Although, in his recapitulation of this passage in Jerusalem 27:25ff, Blake avoids further reference to the intended sacrifice of Isaac, the plate is much concerned with human sacrifice and Abraham is mentioned twice in the prose address. $ere Abraham is called a Druid, but a contemporary reference in A Descriptive begin page 5 | Catalogue 5 gives his more specific function: “Abraham was called to succeed the Druidical age, which began to turn allegoric and mental signification into corporeal command, whereby human sacrifice would have depopulated the earth”. A similar movement, “From willing sacrifice of Self, to sacrifice of (miscall’d) Enemies/ For Atonement”, is mentioned in Jerusalem 28:20-21 and in the following plate (in Keynes’ arrangement), lines 1-4,
Then the Divine Vision like a silent Sun appeared aboveThe ensuing speech of “the Voice Divine” is partly concerned with Abraham’s problem of obedience, for Albion “hath founded his reaction into a Law / Of Action, For Obedience to destroy the Contraries of Man” (14-15). A third, perhaps less pointed mention of “Zion Hills most ancient promontary” is also in a context of human sacrifice, Jerusalem 80:36.
Albions dark rocks: setting behind the Gardens of Kensington
On Tyburns River, in clouds of blood: where was mild Zion Hills
Most ancient promontory, and in the Sun, a Human Form appeared
My answer to the other big question in this passage, “where was the burying-place / Of soft Ethinthus?”, perhaps asks more questions than it solves. This time the answer is in Genesis 23, recounting Abraham’s purchase of a “burying place” (verses 4, 9 and 20) for his family, following the death of his wife Sarah. The association with the story of Abraham and Isaac is too close to be accidental, but I can see little value in pressing an identification of Ethinthus with Sarah. Probably the original coining of the name (which may have been pre-Europe, for all we know) had nothing to do with this passage, but it is curious that this burying-place belonged to the sons of Heth (it is not likely that “soft Ethinthus” is connected with the Hebrew, ethan, translated as “hard” once in A.V., Proverbs 13.15). The grave bought by Abraham was the “cave of the field of Machpelah” (verse 19), identified with Hebron, 22 miles south of Jerusalem (and so near to Tyburn only by association with Abraham at Moriah). Blake speaks of “the Caves of Machpelah” once, in Jerusalem 64:38, a cryptic passage. Exploring Blake’s cave-grave imagery would take me too far afield here, but we should not miss the typological link with Joseph of Arimathea’s grave where Jesus was buried. It is not Joseph but Los who, in FZ 106 and 110, hews the Sepulcher “in the rock / Of Eternity for himself” and his motive probably explains the significance Blake attached to Abraham’s concern for a tomb: “he hewd it despairing of Life Eternal” (106:16). Thus to bury soft Ethinthus is to deny her a possibility of resurrection: Erdman notes that the accidental digging up of Tyburn bones in 1811 “recalled that after the Restoration the bodies of Cromwell, Ireton, and Bradshaw had been disinterred, hanged and beheaded, and then reburied here—another denial of the Resurrection.” begin page 6 | However, the tomb of Jesus was the place of Christ’s resurrection and Blake notes that, although the Western Gate fourfold of Golgonooza is “clos’d up till the last day”, yet then “the graves shall yield their dead” (13:11). A possible parallel to the burial of Ethinthus is that of Ahania “in a secret cave” in FZ 121:38, which Paul Miner has related to Sarah’s burial (William Blake Essays for S. Foster Damon, ed. Alvin H. Rosenfeld, Providence, 1969, p. 266).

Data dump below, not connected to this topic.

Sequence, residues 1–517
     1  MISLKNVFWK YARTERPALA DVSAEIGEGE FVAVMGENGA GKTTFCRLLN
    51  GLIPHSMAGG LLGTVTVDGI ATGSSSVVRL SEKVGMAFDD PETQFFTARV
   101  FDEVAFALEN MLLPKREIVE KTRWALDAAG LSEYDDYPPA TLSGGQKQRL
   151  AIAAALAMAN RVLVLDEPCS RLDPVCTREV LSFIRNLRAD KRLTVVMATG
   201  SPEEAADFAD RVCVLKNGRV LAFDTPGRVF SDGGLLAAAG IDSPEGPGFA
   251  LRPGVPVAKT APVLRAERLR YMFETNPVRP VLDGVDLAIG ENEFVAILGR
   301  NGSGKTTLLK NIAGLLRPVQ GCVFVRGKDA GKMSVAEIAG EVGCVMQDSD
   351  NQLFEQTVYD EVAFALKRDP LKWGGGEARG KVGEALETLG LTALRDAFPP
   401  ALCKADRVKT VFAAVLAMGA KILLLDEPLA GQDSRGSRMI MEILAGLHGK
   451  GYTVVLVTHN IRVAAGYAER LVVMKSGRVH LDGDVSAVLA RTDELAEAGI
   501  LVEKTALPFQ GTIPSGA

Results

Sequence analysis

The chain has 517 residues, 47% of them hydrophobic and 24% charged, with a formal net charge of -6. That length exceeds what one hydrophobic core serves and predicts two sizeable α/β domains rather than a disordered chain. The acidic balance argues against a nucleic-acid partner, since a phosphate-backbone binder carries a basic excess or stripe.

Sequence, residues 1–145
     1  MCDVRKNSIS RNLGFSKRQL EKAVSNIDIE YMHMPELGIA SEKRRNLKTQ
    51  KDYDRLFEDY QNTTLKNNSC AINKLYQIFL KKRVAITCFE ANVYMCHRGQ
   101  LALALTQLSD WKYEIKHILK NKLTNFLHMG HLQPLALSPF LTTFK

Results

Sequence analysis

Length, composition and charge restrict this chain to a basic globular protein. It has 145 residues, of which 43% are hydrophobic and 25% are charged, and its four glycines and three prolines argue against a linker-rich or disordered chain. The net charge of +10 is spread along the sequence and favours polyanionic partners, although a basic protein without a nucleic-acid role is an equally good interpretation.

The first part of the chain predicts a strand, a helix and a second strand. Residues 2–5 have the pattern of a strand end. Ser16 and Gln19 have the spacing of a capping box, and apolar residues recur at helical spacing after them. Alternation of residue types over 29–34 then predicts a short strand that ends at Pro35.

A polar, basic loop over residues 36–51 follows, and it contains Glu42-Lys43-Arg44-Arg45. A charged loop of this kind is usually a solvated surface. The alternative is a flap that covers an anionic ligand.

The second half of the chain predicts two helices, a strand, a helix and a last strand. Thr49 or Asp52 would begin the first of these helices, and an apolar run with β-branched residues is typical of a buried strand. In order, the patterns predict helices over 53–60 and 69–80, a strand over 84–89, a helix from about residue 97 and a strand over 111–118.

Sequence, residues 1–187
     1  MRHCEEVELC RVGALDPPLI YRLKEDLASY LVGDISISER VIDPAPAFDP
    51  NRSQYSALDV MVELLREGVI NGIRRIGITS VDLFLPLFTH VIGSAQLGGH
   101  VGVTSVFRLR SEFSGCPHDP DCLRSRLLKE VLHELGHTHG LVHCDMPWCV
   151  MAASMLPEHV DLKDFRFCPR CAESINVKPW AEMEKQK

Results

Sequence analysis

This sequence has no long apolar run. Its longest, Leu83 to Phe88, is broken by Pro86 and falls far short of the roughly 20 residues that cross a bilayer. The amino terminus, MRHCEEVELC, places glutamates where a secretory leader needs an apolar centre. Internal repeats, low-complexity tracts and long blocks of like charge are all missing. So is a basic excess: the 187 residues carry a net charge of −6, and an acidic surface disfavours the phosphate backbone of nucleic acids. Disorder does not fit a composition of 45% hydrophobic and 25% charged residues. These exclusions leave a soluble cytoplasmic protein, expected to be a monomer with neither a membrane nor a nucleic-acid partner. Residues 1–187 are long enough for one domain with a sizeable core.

Ethinthus remains a shadowy figure, but perhaps someone will be able to take these suggestions further. It is noteworthy that Ethinthus immediately precedes Moab in the list of the daughters of Los and Enitharmon (FZ 115:8), so being neatly contemporary with Sarah, for Moab was a son [sic] of Lot, Abraham’s nephew (Genesis 19.37). (Moab is a daughter in Blake’s list because of Numbers 25.1, as Damon has explained in William Blake, 1924 p. 388.)